Cocaine defendant free after putting up Snowmass property as bond
DENVER – A Snowmass Village man who had been in federal custody on drug-trafficking charges since May was released last week after posting a $250,000 property bond, according to court records.
Christopher Sheehan, 65, used the very real estate that the federal government has taken steps to seize – located at 1459 Juniper Hill Drive in Snowmass Village – to post the bond.
Sheehan was one of six local residents arrested May 19 by members of the Drug Enforcement Administration. The arrests came after a Denver grand jury indicted them and four men from Southern California.
While four of the six local defendants were released on $20,000 bonds shortly after their arrests, Sheehan and the alleged ringleader of the cocaine-trafficking ring, Wayne Alan Reid, have been in custody without bonds because they have been considered potential flight risks. Reid, 65, remains in the custody of the U.S. Marshals Service in Denver.
Sheehan reached a plea agreement with the prosecution in November, part of which allowed him to be released from custody provided he met a number of conditions, including that he wear an ankle bracelet.
Other conditions of Sheehan’s release, outlined in court documents filed last week, include GPS monitoring and home detention, which means he can only leave the premises for reasons such as employment, court appearances and medical treatment, among others. He also will be subjected to drug testing and cannot have any contact with the co-defendants. Additionally, he cannot travel outside Colorado and had to surrender his passport.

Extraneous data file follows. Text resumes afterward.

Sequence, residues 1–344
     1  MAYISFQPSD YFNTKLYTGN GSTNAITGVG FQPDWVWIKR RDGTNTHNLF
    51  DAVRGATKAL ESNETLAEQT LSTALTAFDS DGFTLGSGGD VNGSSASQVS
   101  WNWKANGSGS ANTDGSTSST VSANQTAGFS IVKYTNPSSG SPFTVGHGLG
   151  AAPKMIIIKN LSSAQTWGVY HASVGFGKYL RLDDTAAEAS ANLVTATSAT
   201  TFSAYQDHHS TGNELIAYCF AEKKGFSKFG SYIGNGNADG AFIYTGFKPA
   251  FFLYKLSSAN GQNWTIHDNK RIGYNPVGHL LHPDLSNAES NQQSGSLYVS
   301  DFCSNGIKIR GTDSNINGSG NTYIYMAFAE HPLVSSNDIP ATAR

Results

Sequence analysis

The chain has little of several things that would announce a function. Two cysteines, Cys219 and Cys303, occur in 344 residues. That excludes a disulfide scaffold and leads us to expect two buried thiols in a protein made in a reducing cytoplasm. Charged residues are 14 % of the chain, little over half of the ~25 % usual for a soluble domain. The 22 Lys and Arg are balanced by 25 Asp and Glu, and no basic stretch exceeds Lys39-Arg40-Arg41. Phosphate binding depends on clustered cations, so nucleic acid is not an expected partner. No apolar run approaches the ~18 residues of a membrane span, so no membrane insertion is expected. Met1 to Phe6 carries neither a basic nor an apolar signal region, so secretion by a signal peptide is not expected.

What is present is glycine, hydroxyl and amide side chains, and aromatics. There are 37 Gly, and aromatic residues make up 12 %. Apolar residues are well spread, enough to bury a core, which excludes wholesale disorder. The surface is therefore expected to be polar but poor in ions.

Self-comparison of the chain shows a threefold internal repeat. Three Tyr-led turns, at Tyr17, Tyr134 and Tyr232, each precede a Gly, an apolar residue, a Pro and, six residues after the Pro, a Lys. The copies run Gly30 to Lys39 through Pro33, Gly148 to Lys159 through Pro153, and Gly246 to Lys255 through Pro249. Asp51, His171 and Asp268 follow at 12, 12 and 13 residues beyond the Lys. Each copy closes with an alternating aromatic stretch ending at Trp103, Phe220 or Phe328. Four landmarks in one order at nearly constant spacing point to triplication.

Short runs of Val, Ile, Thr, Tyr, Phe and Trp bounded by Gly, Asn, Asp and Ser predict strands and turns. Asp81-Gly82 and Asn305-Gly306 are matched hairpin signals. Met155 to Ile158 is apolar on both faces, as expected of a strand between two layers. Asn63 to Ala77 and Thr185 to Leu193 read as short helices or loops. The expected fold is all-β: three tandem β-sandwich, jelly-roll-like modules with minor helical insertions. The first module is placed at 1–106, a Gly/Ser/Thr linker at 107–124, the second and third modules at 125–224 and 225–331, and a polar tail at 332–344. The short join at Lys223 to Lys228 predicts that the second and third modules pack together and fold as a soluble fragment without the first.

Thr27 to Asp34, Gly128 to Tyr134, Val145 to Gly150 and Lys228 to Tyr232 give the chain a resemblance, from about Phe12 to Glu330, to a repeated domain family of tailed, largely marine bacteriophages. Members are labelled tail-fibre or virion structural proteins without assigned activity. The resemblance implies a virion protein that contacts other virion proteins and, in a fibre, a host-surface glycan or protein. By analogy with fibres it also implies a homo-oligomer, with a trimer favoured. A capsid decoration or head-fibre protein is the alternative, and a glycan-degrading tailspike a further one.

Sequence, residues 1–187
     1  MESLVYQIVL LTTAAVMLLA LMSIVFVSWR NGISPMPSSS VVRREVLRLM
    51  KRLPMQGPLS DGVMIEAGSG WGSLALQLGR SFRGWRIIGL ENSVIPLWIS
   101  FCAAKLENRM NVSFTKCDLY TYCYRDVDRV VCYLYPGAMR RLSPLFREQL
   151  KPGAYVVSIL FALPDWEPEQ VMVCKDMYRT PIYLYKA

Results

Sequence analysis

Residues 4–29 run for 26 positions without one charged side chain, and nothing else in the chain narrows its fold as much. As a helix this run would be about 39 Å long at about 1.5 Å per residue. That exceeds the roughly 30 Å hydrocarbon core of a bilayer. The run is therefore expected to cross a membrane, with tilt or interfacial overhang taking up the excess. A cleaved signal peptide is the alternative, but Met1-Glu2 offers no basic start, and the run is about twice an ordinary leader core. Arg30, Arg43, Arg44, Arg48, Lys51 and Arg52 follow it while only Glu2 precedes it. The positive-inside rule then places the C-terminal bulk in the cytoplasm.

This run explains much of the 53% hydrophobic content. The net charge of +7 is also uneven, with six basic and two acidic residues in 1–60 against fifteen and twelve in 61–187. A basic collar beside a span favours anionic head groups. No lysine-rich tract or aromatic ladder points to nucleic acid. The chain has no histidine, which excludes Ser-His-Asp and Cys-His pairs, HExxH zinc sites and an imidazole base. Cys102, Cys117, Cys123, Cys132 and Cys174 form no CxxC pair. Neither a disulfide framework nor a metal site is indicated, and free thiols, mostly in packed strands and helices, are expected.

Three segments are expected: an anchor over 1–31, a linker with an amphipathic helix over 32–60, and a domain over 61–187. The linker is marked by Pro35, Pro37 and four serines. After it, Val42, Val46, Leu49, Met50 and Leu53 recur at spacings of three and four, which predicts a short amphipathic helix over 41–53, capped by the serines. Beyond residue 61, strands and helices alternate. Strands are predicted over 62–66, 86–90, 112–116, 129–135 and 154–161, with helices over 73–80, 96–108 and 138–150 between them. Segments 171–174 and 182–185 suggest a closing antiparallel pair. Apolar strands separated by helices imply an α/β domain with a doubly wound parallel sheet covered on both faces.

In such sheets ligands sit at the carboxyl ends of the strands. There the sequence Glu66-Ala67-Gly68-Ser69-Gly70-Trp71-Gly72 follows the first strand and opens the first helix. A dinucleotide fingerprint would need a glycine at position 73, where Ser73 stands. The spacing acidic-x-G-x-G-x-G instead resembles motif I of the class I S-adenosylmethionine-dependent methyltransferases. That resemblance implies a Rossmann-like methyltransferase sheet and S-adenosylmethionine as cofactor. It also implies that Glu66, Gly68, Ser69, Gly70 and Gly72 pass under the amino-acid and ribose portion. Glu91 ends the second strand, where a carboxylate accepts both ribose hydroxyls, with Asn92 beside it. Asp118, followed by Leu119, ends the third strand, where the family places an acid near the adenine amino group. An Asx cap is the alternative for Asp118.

Messages left with the law firm defending Sheehan – Spring and Steinberg PC in Denver – were not returned.
Sheehan is due back in U.S. District Court in Denver on Jan. 26, at which time he is scheduled to plead guilty to federal charges connected to cocaine trafficking.
Jeff Dorschner, of the U.S. Department of Justice in Denver, said the status of Sheehan’s property will become more clear once he enters a plea.
Along with Sheehan’s home, other local properties subject to federal seizure in connection to the case are located at 230 Pitkin Mesa Drive and 435 Vine St.
The Mesa Drive home is a duplex unit and is listed under the name of Aspen Pitkin Mesa Limited Partnership, according to county property records. The Vine Street property is a Hunter Creek unit owned by one of the defendants, Joan Anastasi.
Sheehan’s home is the most valuable Pitkin County property facing government seizure, with an actual value of $1.42 million – $950,000 for the 2 acres it sits on and $470,000 for the house – according to tax records from the Pitkin County Assessor’s Office.
The indictment says the properties were acquired with “proceeds obtained directly and indirectly” from the alleged cocaine ring and also were used “to commit or facilitate” the alleged crimes. A statement issued by the Department of Justice at the time of the arrests called them “drug-related property in Aspen.”
Dorschner previously has said that the government could have taken either the criminal or civil route to claim the properties. It’s using criminal proceedings to seize the residences but can only do so if the properties’ owners are convicted.
The indictment says that from July 2010 through April, the defendants conspired to own and sell more than 11 pounds of cocaine. Four suspects in Los Angeles also were indicted.
Eight of the defendants have reached deals with the prosecution; one from California remains a fugitive. The prosecution dropped all of the charges against one defendant, Peggy Schlauger, of Aspen.
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